The mayors of Carthage and Rome signed an official peace treaty 2,000 years after the Punic Wars’ end.
During the Black Death, incoming ships were forced to wait for 40 days to prevent possible infection. The Italian word for 40, “quaranta”, is where we get the word “quarantine”.
The Han dynasty of China drilled for natural gas, transported it in pipelines and gas containers and burned it in stoves… in 200 BC.
Mail was delivered 12 times a day in Victorian London, with immediate responses often expected, and people got upset if letters weren’t received within a couple of hours.
The Macaronis were young English men who adopted feminine mannerisms and highly extravagant attire. They were members of the Macaroni Club, and wore a feather in their hats. They also wore two fob watches: “one to tell what time it was and the other to tell what time it was not”.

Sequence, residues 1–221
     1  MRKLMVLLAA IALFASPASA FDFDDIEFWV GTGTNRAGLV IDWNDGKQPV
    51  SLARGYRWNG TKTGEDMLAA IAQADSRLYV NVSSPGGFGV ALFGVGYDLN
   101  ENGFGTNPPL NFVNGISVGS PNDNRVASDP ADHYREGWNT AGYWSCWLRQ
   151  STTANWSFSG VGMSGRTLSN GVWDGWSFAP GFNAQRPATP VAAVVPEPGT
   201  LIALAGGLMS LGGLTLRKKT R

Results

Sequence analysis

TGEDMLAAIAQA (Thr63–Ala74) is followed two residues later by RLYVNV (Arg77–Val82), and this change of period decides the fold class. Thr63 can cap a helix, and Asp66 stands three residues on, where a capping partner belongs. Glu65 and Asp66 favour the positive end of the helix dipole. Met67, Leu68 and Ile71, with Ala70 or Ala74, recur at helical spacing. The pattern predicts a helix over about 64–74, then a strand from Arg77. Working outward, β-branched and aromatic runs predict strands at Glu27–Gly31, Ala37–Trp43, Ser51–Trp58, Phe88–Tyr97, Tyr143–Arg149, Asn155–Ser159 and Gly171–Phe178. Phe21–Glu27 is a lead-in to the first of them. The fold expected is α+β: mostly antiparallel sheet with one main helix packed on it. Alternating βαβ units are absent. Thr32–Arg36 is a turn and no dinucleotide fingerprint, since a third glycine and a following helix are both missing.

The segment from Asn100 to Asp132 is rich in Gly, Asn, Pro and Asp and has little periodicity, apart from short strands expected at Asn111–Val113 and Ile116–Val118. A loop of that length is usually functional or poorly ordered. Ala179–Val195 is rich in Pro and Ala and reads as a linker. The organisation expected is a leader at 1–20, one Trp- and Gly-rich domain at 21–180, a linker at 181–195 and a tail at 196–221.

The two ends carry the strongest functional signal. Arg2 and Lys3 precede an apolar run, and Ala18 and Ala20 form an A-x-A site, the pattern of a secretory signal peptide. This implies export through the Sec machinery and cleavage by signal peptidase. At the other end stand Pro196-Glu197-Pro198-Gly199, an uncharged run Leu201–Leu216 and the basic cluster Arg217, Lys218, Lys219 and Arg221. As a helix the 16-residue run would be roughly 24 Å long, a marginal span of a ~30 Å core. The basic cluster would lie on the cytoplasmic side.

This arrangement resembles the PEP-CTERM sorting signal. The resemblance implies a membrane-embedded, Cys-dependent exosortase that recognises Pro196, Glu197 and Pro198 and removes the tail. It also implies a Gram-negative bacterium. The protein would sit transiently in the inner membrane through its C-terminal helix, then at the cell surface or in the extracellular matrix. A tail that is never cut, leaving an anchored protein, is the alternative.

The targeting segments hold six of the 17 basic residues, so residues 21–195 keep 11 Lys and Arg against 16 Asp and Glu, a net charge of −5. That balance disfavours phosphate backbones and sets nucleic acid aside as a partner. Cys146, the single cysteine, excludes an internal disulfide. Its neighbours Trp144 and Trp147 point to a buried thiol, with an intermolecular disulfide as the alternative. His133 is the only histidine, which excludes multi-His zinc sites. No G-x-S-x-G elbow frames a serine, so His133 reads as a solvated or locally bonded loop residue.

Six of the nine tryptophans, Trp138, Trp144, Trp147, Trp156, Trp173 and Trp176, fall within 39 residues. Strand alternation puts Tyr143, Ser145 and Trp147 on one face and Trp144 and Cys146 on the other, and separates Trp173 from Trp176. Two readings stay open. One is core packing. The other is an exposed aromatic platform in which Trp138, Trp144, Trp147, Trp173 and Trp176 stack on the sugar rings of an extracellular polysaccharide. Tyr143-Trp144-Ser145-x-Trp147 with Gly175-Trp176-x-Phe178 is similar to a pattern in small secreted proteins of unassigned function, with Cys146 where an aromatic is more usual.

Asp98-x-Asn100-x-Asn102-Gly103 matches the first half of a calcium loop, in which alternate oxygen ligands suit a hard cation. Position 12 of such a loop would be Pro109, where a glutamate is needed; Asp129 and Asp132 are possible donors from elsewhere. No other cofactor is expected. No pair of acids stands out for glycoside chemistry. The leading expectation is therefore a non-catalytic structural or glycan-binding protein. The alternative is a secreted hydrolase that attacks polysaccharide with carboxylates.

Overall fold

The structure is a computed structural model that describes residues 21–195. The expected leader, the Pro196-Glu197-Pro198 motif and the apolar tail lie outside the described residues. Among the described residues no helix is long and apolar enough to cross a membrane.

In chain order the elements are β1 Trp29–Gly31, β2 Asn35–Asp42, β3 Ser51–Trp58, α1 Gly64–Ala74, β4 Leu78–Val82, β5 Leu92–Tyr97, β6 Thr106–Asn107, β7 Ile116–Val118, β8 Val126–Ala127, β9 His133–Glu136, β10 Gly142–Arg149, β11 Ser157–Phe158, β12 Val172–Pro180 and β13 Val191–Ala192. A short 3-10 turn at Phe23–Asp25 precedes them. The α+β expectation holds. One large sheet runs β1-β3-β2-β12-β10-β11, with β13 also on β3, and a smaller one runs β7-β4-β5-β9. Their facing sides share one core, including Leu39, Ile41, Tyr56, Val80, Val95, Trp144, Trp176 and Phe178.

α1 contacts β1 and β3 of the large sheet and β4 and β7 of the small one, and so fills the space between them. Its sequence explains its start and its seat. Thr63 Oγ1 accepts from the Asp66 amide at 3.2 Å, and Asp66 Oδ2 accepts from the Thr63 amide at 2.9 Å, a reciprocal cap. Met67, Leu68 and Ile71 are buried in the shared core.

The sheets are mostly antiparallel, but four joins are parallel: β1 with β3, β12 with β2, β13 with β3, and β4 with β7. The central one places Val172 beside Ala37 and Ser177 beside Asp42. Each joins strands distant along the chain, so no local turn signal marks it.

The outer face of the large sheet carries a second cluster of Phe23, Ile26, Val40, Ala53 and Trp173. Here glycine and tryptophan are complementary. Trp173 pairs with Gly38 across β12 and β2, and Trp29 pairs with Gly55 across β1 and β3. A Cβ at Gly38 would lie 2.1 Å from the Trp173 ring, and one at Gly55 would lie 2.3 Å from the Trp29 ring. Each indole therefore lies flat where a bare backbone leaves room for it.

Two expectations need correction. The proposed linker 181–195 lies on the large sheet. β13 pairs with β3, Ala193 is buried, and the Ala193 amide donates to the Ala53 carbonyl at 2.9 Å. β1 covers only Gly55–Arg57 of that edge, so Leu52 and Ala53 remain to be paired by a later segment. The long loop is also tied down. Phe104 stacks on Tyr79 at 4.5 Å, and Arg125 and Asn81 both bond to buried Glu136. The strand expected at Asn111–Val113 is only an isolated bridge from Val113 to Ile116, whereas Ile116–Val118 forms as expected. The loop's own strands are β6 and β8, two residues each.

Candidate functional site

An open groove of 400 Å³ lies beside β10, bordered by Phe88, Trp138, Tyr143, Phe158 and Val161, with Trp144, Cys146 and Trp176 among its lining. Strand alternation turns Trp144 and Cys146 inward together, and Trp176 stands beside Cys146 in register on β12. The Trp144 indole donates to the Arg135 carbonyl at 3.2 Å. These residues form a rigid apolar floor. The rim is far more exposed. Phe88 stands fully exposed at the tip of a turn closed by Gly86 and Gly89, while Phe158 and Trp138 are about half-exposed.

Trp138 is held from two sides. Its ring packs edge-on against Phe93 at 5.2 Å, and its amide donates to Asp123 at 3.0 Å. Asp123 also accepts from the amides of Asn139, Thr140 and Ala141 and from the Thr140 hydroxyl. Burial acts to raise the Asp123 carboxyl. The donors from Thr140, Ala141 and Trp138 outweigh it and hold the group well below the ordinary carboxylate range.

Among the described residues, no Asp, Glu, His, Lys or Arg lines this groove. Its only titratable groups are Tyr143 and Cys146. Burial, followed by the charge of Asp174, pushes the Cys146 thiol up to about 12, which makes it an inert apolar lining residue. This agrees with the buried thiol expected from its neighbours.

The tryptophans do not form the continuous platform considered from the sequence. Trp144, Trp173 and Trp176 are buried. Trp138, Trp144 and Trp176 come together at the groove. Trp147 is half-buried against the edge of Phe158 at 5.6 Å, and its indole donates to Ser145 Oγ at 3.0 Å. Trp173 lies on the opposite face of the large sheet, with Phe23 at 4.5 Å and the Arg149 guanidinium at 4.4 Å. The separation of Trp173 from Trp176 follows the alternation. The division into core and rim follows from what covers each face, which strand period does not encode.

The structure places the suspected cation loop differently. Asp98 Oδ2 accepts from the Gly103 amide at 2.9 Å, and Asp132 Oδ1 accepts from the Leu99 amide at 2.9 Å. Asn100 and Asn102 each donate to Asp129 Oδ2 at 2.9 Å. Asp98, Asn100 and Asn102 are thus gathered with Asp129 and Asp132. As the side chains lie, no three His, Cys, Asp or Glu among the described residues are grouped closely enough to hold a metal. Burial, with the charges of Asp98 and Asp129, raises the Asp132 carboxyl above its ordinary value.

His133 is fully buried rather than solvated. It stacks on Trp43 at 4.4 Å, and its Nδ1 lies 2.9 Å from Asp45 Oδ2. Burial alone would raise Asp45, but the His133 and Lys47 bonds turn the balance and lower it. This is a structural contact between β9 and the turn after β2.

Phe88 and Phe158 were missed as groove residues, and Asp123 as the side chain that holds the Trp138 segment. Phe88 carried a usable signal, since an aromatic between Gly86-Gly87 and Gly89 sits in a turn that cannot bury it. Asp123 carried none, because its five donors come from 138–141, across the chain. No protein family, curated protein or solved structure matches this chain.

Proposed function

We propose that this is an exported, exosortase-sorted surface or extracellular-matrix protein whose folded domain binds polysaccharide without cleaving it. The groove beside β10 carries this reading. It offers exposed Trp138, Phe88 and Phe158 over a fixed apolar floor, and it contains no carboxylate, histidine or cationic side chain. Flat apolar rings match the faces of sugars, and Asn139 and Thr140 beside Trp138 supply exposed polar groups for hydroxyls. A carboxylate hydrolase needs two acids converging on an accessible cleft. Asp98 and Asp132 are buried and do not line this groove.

Purple is known as a ‘royal’ color because back when they relied only on natural dyes, purple came from sea snails and was the hardest dye to extract and produce so only royals could afford it. To put into perspective just how expensive it is, an ounce of gold is currently worth around $1,200. An ounce of Tyrian purple dye is worth roughly $100,000.
The “Alexandra Limp” was a short lived fad in Victorian London. Fashionable young women mimicked the limp of Princess Alexandra. Canny shopkeepers even started selling mismatched footwear, with one high heel, and one low. The practice was widely ridiculed, even at the time.